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Beware of colourful ready-to-eat foods: study

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Beware of colourful ready-to-eat foods: study

The growing demand for ready-to-eat (RTE) foods in the country has thrown up a new problem. In an effort to make food items appealing, the use of synthetic colours has gone up.

If you consume excessive synthetic colours, even if they are permitted, there is every chance of toxic manifestation and impact on health.

Sounding this warning, a study by the Hyderabad-based National Institute of Nutrition points out the urgent need to have a re-look at the colour combinations in RTE foods, in line with the Prevention of Food Adulteration Act (PFA).

The annual production of RTE foods in the organised sector in the country is around 3.45 lakh tonnes.

In the unorganised sector, the production of these foods, including bakery products, such as bread, biscuits, rusks and cakes, and potato chips, is estimated to be two to three times higher.

The study has found that in various RTE foods, excess colours than those permitted under the PFA Act are being used. These include a combination of permitted and prohibited colours.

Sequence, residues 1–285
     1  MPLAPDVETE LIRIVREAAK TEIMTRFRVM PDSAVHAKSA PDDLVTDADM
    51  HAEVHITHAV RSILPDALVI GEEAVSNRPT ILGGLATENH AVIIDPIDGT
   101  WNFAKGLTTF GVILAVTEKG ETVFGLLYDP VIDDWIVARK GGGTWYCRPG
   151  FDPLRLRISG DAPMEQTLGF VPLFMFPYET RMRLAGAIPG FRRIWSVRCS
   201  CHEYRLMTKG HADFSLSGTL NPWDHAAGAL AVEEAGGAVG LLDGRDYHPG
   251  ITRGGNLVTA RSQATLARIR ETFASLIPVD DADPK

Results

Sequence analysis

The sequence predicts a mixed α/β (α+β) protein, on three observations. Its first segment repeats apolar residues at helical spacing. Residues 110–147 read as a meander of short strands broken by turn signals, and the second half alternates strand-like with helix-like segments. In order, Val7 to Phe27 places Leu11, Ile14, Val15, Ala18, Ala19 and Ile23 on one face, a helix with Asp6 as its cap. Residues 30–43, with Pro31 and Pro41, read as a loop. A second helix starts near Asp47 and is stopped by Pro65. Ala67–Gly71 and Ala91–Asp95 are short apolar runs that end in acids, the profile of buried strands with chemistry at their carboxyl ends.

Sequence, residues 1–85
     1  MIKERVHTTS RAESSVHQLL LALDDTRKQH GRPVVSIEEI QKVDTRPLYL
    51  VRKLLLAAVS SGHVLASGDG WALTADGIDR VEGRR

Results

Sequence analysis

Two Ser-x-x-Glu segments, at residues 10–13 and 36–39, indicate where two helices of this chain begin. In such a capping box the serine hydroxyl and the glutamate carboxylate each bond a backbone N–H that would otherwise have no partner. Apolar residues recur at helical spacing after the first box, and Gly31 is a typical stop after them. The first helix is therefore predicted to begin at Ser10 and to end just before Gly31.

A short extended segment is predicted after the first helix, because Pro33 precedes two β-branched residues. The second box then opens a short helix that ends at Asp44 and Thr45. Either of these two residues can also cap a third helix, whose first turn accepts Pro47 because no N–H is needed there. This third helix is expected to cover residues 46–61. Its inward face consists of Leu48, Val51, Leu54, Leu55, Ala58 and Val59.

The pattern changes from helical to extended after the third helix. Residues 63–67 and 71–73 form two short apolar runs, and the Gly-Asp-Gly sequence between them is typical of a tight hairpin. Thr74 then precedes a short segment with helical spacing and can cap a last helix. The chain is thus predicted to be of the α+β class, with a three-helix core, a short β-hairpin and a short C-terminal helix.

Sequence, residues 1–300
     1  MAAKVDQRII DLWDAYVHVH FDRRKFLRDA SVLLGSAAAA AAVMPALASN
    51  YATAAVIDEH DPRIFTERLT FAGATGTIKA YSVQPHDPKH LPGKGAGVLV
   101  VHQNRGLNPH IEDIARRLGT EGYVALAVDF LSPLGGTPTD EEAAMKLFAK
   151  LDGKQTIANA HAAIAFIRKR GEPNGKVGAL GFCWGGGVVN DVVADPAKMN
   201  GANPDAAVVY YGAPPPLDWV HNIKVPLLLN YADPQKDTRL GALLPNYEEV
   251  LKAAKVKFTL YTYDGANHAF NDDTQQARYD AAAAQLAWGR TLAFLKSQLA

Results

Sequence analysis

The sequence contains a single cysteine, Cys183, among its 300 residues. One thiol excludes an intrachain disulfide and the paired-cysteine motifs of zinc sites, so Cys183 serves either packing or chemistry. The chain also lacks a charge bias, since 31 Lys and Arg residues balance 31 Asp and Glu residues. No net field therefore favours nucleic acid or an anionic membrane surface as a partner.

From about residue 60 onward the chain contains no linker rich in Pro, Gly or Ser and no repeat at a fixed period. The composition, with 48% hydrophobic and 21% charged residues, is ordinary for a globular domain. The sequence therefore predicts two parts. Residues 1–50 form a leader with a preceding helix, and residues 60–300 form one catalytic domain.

The institute, however, felt a large-scale multi-centric study in the country is necessary to assess the usage of colours in RTE foods. Under the amended PFA Act of 1995, the use of colours is restricted to items such as biscuits, thread candies, sweets, dalmoth, fruit juice and ice cream.

But a variety of RTE foods still contain synthetic colours, implying that the implementation of food regulation needs to be tightened, the institute said.

Banned colours have been found in popular items such as laddus, toor dal and turmeric, where Metanil yellow is used. Similarly, in spices such as chilli powder, non-permitted colours, such as Sudan dye, are used.

Metanil yellow has been reported to cause giddiness and vomiting.

Interestingly, the number of synthetic colours permitted differs from country to country. While the US permits seven colours, Iran and Australia allow 13 each. In India, though the PFA allows eight colours, only six are used. These are tartrazine, sunset yellow, carmosine, ponceau 4R, erythrosine and brilliant blue F.C.F.

The study shows that in RTE foods, two colours — tartrazine and sunset yellow — were the most popularly used.

This could be for various reasons — to match with basic raw materials, to use as substitute for natural colours such as turmeric or to simply obtain a yellow colour in food.


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